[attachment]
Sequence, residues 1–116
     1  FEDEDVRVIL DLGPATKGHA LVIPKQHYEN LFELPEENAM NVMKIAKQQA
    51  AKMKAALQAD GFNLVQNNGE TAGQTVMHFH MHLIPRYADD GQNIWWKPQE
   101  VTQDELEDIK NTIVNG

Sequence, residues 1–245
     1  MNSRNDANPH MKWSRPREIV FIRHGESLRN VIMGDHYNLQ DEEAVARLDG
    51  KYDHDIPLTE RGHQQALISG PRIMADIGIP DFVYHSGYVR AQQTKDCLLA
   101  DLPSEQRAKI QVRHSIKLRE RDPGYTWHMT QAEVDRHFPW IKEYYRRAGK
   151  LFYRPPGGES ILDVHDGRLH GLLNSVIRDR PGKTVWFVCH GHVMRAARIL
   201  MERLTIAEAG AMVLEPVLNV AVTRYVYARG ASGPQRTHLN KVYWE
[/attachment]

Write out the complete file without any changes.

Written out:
Sequence, residues 1–116
     1  FEDEDVRVIL DLGPATKGHA LVIPKQHYEN LFELPEENAM NVMKIAKQQA
    51  AKMKAALQAD GFNLVQNNGE TAGQTVMHFH MHLIPRYADD GQNIWWKPQE
   101  VTQDELEDIK NTIVNG

Sequence, residues 1–245
     1  MNSRNDANPH MKWSRPREIV FIRHGESLRN VIMGDHYNLQ DEEAVARLDG
    51  KYDHDIPLTE RGHQQALISG PRIMADIGIP DFVYHSGYVR AQQTKDCLLA
   101  DLPSEQRAKI QVRHSIKLRE RDPGYTWHMT QAEVDRHFPW IKEYYRRAGK
   151  LFYRPPGGES ILDVHDGRLH GLLNSVIRDR PGKTVWFVCH GHVMRAARIL
   201  MERLTIAEAG AMVLEPVLNV AVTRYVYARG ASGPQRTHLN KVYWE